Homicide is now the second-leading cause of death on the job, and workers at nursing homes, hospitals and other residential or psychiatric programs are especially vulnerable.
That's among the conclusions of a new report from the Labor Department, which has released guidelines to help employers protect their workers (See related story, p. 20).
"Healthcare and social service workers often face aggressive patients, visit clients' homes in dangerous neighborhoods or encounter violent situations in hospital emergency rooms," Labor Secretary Robert Reich said. "Employers can reduce the risks to their workers with some common-sense strategies."
According to the Bureau of Labor Statistics, workplace violence affects three per 10,000 workers in the private sector. For nursing homes it's 38 per 10,000, and for residential care the rate is 47 per 10,000.
Between 1980 and 1990, on-the-job assaults took the lives of 27 pharmacists, 26 physicians, 18 registered nurses, 17 nurses aides and 18 healthcare workers in other categories, according to one study.
The Occupational Safety and Health Administration identified unique factors that put healthcare workers at risk:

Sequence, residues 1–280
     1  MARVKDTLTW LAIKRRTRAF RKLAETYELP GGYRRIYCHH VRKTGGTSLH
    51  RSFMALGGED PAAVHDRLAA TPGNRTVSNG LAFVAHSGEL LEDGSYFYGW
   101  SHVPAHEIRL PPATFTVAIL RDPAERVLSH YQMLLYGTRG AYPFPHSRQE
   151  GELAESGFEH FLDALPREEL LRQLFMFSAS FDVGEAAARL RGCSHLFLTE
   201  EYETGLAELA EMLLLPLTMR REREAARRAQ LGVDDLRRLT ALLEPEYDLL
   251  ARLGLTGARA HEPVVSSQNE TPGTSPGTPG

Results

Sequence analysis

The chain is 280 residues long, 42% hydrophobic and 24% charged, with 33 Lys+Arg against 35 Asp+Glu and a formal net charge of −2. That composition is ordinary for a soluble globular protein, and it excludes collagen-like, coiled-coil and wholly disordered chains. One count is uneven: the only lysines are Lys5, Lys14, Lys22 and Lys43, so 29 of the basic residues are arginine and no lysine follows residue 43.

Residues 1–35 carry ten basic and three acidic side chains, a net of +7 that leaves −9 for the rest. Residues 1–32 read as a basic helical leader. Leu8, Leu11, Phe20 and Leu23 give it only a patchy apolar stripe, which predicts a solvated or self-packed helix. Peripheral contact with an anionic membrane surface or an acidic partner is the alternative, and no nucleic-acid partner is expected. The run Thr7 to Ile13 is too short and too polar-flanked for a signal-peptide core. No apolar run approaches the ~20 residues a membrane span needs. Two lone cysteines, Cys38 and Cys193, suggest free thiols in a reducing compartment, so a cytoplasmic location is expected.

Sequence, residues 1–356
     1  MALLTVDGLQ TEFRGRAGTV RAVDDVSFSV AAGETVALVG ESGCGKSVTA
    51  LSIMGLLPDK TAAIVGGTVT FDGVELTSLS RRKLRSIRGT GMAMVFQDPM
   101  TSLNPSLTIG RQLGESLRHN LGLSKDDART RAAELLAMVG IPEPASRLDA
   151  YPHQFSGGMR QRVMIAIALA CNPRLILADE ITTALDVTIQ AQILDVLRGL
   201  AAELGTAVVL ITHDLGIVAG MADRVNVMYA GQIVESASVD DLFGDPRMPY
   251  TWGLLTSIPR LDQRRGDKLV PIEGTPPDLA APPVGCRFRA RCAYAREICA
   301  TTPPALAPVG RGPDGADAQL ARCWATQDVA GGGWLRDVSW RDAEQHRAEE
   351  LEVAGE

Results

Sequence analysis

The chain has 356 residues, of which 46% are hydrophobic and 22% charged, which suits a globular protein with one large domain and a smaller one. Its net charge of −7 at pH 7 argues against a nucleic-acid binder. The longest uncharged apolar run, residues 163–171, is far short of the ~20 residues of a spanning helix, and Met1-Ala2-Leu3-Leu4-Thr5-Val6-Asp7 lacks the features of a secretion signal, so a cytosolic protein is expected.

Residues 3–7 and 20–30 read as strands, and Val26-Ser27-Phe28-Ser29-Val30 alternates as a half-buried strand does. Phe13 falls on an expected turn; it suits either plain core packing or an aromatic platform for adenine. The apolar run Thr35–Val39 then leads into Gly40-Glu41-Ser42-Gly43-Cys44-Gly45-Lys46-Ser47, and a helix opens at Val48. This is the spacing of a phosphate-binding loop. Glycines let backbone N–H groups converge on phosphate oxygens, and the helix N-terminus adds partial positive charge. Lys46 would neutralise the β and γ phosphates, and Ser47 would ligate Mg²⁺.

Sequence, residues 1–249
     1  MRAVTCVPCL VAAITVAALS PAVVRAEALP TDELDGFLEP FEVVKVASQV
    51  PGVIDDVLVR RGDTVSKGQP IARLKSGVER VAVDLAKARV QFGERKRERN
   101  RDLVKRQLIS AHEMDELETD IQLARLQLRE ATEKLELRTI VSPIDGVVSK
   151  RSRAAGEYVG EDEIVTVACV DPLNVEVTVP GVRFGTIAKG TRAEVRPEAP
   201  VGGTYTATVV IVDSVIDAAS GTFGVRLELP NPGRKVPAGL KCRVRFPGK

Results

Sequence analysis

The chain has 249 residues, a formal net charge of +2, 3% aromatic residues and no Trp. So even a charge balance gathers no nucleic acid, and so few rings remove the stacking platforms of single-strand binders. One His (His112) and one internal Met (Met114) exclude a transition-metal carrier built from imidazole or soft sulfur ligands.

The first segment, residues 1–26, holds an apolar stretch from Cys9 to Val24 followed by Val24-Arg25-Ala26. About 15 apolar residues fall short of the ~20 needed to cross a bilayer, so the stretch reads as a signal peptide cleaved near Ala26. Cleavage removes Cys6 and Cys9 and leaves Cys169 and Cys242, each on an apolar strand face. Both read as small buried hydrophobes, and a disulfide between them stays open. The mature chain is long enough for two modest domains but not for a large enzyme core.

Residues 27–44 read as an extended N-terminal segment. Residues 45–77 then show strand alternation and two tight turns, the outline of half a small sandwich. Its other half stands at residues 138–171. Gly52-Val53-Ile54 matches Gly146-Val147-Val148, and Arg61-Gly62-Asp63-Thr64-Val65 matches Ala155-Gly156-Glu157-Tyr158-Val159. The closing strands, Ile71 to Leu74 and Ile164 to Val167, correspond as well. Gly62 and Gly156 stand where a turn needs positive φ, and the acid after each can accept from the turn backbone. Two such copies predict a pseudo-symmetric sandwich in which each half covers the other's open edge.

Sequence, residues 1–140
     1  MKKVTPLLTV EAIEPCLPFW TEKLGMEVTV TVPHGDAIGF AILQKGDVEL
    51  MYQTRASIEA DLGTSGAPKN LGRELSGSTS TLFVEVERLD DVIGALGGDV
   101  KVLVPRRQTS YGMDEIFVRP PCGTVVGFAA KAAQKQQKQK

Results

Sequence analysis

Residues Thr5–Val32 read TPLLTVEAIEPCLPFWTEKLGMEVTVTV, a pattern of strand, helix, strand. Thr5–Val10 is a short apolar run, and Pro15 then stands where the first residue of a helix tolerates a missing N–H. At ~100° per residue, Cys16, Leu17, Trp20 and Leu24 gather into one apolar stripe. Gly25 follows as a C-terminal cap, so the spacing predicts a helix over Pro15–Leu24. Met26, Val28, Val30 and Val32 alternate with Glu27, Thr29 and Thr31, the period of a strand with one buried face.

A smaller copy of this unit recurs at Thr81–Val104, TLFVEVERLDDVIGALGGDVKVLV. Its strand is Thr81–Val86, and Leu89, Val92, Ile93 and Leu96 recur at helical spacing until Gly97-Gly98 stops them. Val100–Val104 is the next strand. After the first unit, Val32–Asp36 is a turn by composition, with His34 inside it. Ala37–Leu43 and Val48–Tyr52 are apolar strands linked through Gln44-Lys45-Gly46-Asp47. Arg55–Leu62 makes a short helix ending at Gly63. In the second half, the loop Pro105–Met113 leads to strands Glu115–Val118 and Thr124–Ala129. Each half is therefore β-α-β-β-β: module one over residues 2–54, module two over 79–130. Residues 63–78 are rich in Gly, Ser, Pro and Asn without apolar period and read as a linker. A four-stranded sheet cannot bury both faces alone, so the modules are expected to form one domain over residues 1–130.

Too many handguns in circulation among patients and their associates.
The use of hospitals by police and the justice system to hold criminals and disturbed, violent persons.
Chronically mentally ill persons released from hospitals without follow-up care, who don't take their medication and can refuse hospitalization.
Low staffing levels during meal times, visiting hours and when staff transports patients.
Long waits in emergency rooms, which anger patients.
The presence of drugs and money at pharmacies, clinics and hospitals.
Isolated work with patients during examinations or treatments.
Solo work outside the facility in high-crime locations.
OSHA also noted that violence on the job is probably underreported because of "a persistent perception within the healthcare industry that assaults are part of the job."
The new OSHA guidelines can be found on the Internet at http: www.osha.gov under "What's New."